Sec. Acosta Didn’t Like the Conclusion—That Workers Would Be Short-Changed
Report covered up. Labor Department leadership scrubbed an unfavorable internal analysis from a new tip pooling proposal, shielding the public from estimates that showed employees could lose out on billions of dollars in gratuities, four current and former department sources told Bloomberg Law.
The agency shelved the staff economic analysis from a December proposal to scrap an Obama administration rule. The proposal would permit tip pooling arrangements that involve restaurant servers and other workerswho make tips and back-of-the-house workers who don’t. It sparked outrage from worker advocates who said the move would permit management to essentially skim gratuities by participating in the pools themselves.
Senior department political officials—faced with a government analysis showing that workers could lose billions of dollars in tips as a result of the proposal—ordered staff to revise the data methodology to lessen the expected impact, several of the sources said. Although later calculations showed progressively reduced tip losses, Labor Sec. Alexander Acosta and his team are said to have still been uncomfortable with including the data in the proposal.
Anti-FBI memo. Trump cleared the way on Thursday for the release of a secret memo written by Republican congressional staffers accusing federal law enforcement officials of abusing their surveillance authorities. Trump, who had a brief window to block the memo’s disclosure on national security grounds, is expected to tell Congress on Friday that he has no objections and would likely not request any material be redacted, according to a senior administration official. The decision came despite a growing chorus of warnings from national security officials who say that releasing the document would jeopardize sensitive government information, including how intelligence is gathered, and from Democrats who say it is politically motivated and distorts the actions of the Justice Department and the F.B.I.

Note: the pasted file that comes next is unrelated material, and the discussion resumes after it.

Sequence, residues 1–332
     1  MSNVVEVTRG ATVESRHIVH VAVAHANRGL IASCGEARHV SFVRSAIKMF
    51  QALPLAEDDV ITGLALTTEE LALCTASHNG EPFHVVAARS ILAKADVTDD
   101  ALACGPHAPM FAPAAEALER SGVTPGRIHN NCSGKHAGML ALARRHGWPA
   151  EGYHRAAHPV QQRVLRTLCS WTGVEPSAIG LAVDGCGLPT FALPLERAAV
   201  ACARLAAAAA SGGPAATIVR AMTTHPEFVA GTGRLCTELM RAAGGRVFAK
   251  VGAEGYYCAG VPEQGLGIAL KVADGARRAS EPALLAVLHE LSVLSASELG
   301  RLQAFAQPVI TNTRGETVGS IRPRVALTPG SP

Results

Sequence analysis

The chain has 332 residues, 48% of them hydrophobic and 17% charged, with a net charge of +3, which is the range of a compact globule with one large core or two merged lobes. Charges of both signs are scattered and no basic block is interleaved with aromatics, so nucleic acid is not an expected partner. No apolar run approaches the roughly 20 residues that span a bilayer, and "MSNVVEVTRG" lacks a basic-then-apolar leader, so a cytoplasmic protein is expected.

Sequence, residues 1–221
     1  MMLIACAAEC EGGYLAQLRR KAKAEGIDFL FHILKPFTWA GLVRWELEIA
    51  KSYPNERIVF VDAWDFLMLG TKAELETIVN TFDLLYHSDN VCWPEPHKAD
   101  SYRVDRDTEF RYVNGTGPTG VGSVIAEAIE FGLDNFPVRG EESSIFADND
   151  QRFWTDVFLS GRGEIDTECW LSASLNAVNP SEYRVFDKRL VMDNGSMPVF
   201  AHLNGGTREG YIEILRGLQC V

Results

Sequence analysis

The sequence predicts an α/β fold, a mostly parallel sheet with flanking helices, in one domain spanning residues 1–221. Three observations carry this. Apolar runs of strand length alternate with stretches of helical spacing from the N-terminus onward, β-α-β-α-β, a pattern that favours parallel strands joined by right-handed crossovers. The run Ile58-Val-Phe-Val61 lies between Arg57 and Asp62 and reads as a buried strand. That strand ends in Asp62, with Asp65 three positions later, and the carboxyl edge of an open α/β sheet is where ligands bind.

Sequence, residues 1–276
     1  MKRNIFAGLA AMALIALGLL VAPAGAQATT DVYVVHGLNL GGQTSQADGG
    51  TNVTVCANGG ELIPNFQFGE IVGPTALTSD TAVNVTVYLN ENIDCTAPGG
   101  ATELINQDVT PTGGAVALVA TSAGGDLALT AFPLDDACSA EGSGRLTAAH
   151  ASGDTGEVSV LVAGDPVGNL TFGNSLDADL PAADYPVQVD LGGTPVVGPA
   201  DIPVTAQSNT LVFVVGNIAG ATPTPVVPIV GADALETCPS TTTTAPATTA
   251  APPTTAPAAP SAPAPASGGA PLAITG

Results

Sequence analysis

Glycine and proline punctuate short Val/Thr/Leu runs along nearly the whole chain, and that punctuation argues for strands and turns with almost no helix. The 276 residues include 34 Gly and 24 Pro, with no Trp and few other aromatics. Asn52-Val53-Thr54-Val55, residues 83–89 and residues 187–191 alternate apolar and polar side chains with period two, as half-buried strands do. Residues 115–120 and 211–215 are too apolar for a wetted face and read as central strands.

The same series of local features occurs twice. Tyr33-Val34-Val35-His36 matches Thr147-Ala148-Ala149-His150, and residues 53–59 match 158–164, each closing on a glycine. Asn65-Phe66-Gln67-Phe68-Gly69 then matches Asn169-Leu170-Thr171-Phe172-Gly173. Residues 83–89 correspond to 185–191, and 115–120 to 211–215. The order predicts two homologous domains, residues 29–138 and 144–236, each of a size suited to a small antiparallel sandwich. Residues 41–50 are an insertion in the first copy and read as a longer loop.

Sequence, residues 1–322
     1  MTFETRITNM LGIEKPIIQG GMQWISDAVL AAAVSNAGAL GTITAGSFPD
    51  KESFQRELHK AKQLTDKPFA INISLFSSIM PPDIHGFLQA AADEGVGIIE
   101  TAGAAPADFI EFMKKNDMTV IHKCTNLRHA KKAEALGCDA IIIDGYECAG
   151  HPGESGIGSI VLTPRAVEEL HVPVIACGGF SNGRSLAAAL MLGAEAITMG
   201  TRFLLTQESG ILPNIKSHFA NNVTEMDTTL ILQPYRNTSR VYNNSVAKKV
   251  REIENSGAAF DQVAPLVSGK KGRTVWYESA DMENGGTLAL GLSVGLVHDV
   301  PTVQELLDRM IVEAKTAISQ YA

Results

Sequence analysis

Republican bails. Another leading Republican House member says he’s not running for relection. South Carolina’s Trey Gowdy, the House Oversight Committee Chairman, for years announced he would not seek reelection or any political office and would instead return to the justice system. Sources close to him say he wants to return home, practice law and maybe teach and write a book.
Hog wild. The U.S. Department of Agriculture is pushing forward with a proposed rule that would forego line-speed limits in hog processing plants, a move that could endanger the well-being of workers and consumers, activists say. The proposal is part of the USDA’s effort to “modernize” the swine industry. These plants, which already work at feverish speeds of up to 1,106 hogs per hour, would likely use the change as an opportunity to further increase the pace of production. The proposal would allow employees to take over some of the oversight duties that USDA inspectors currently handle on the kill lines.